Monday, November 15, 2010

Time Is When

What is time and how do you explain this elusive concept to a preschooler? In 1960, when her son was three, Beth Gleick answered his questions about time in a picture book, Time Is When. Gleick starts off her book with, "Time is from before to now; from now to later." She then goes on to explain the different units of time: a second, a minute, an hour, a day, a week, ending with a year and its seasons. She also touches upon that most important mark of time (at least from a child's perspective)--one's birthday. Each unit is compared to something that a young child is familiar with, such as, "In one minute, you can walk one block (if you walk quickly and don't stop to look in store windows)."  

In 2008, Time Is When was republished with new illustrations by Marthe Jocelyn. Using the medium of collage, Jocelyn snips and pastes pieces of fabric, paper, and trimmings to create visually exciting illustrations of children experiencing time. The book open with a parade of children marching toward the reader. The facing page shows the parade marching away, cleverly showing how time has already passed. Young readers will pore over the illustrations with delight as they notice the many whimsical details, such as the photograph of wolves pasted on a TV screen that a young boy is watching.

This book is highly recommended. Be sure to carve out the time to order a copy.

Today's host for Nonfiction Monday is In Need of Chocolate.

Thursday, November 11, 2010

Bink & Gollie

After reading so many rave reviews of Bink & Gollie by Kate DiCamillo and Alison McGhee, I had to see what the fuss was about. Not yet having the book in hand, I couldn't imagine why everyone was so excited. Two girls, one tall, one short, who in the first story buy a pair of socks? Come on, pull the other one.

Then I read the book. Aah, now I see. So I'll add my bucket of praise to the oceans already out there. Bink & Gollie is a wonderful, wonderful book, destined to become a children's classic. DiCamillo, a Newbery award winner, and McGhee, a NY Times bestselling author, have created two winning characters based loosely on themselves. Bink (DiCamillo) is the short one, the down-to-earth one, who lives in a cottage at the base of a giant tree. At the top of the tree, in a modernistic treehouse, lives Gollie. More cerebral than Bink, Gollie speaks with precision and a rather formal syntax. There is a whiff of superiority about her, no doubt caused from living in rarified air among the treetops.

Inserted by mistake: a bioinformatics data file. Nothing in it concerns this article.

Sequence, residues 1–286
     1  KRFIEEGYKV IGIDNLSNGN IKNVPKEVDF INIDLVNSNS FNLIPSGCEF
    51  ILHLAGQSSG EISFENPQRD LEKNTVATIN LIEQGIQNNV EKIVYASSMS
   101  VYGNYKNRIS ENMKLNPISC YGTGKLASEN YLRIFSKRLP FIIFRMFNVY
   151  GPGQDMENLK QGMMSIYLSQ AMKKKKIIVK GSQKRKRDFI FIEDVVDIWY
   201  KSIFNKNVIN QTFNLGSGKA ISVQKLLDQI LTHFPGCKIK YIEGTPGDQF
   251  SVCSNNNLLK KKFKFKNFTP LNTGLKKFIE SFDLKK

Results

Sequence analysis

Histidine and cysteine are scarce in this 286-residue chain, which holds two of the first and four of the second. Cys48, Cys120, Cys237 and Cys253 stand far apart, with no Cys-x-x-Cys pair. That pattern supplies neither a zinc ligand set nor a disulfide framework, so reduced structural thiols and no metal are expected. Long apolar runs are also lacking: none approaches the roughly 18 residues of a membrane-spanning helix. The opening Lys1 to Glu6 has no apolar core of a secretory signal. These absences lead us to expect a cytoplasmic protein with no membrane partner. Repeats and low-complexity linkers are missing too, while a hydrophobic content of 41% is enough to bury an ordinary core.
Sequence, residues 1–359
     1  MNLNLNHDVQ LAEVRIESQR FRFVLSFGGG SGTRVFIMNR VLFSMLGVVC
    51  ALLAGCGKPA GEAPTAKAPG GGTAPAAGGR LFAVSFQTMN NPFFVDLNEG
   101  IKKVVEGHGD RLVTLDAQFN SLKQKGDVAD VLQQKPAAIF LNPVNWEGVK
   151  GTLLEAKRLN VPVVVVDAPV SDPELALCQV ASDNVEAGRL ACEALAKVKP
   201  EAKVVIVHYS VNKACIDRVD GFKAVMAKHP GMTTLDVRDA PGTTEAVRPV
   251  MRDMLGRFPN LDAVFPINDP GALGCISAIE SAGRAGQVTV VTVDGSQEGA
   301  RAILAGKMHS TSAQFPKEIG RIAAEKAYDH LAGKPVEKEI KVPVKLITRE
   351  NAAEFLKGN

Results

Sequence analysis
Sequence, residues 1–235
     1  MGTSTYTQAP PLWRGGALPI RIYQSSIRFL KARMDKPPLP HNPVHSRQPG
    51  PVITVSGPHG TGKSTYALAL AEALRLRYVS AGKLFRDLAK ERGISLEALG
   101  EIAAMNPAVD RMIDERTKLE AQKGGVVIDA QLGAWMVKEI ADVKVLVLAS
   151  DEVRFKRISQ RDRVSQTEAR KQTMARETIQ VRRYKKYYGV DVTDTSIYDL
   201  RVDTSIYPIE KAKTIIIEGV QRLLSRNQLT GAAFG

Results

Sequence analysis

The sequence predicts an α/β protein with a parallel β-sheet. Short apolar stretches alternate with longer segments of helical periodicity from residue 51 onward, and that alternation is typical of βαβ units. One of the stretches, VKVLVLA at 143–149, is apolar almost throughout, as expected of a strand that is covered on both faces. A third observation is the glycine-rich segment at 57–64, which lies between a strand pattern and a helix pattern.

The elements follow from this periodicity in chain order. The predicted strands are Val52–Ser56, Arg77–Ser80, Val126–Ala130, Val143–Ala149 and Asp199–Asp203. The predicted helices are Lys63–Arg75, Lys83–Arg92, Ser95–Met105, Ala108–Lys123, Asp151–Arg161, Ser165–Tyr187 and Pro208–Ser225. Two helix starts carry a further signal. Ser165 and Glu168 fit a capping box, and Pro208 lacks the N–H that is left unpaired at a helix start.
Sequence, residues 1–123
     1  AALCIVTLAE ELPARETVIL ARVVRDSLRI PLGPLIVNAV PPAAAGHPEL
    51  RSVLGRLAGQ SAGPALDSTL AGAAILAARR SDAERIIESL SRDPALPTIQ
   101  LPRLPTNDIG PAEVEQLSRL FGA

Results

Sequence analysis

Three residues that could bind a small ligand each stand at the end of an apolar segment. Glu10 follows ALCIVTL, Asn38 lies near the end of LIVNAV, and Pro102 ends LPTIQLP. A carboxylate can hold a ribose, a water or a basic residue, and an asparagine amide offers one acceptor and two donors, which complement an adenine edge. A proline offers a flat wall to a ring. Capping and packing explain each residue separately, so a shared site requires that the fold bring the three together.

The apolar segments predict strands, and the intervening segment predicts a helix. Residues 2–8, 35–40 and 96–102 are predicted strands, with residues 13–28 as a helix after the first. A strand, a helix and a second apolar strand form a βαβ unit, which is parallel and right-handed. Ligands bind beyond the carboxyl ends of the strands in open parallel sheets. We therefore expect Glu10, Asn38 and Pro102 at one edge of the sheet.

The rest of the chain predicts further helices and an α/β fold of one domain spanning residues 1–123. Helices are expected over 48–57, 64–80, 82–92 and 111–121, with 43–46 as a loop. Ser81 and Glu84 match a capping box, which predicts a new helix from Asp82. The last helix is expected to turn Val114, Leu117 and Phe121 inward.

Somewhere between an early reader and a beginning chapter book, Bink & Gollie is 96 pages long and divided into three stand-alone stories. The first concerns socks. While out rollerskating, the girls come across a store having a sale on socks. Not just any socks, but outrageously bright socks. Bink buys herself a pair, and Gollie is mortified. The mere sight of them offends her. After a tiff between the friends, the pair learn the joys of compromise.

The second story involves Gollie's adventure climbing the Andes (in her imagination) while Bink tries her best to wangle her way inside her friend's abode. The final chapter deals with jealousy. Bink buys a pet fish, and Gollie resents him. When the trio are out rollerskating, a near tragedy occurs, but Gollie saves the day (and the fish), and Bink reassures her that she, not Fred the Fish, is the most marvelous companion of all.

No review of this book can be considered complete without mentioning the art. Tony Fucile adds so much to the characters of Bink and Gollie. Bink has a shock of blond hair, giving her an impish charm, while Gollie's lanky body language speaks volumes. The background is usually in black and white with the girls and a few objects (like the socks) highlighted in color. Little wonder this book made the NY Times Best Illustrated Children's Books of 2010.

Tuesday, November 9, 2010

Mac and Cheese

Mac and Cheese are cats, but that's where the similarity ends. Mac, big and boisterous, likes to play and jump and sing, and, well, have fun. Cheese doesn't. This grumpy cat prefers to just sit quietly next to his pal. But when a gust of wind makes off with Mac's hat, Cheese pounces and bounces and jumps after it, returning it safely to his friend. Written in rhyme by Sarah Weeks, Mac and Cheese is another early reader featuring  a pair of animals who, while very different, are still good friends. Jane Manning, the illustrator, does a outstanding job of bringing the characters and the gritty city setting to life. My one quibble with this book is that Cheese is just a little too grumpy. True, he saves his friend's hat, but up till then, he is so negative that this reader wondered more than once why Mac would bother to be his friend.    

Monday, November 8, 2010

Drawing Fun with Syd Hoff

Syd Hoff (1912-2004) wrote and illustrated many classic early readers, the most famous of which is Danny and the Dinosaur. A cartoonist who sold his first cartoon at age 18 to The New Yorker, Hoff strongly believed that anyone could learn to draw. To this end he published several books on drawing and cartooning that are perfect for beginning readers.

Drawing with Letters and Numbers is especially appropriate because children this age can always use extra practice mastering the alphabet. The book demonstrates how the letters A through Z (capital and lowercase) and the numbers 1 through 9 can be transformed with a few strokes into something else entirely. The capital letter A becomes a clown's hat. Lowercase h is the arch of a cat's back. The number 5 morphs into the mouth of a fierce lion.

How to Draw Cartoons provides simple instructions on how to create cartoons. The book starts with asking kids to draw a circle. Add eyes, a nose, and a mouth and you've got a face. Next Hoff shows how to add detail, such as hair, a mustache, even a double chin. With a few broad strokes a face can be happy or sad. But what good is a face without a body? Hoff goes on to demonstrate how to draw proportional stick figures. Then he makes those figures walk, run, and jump. The book also includes instructions on how to draw animals.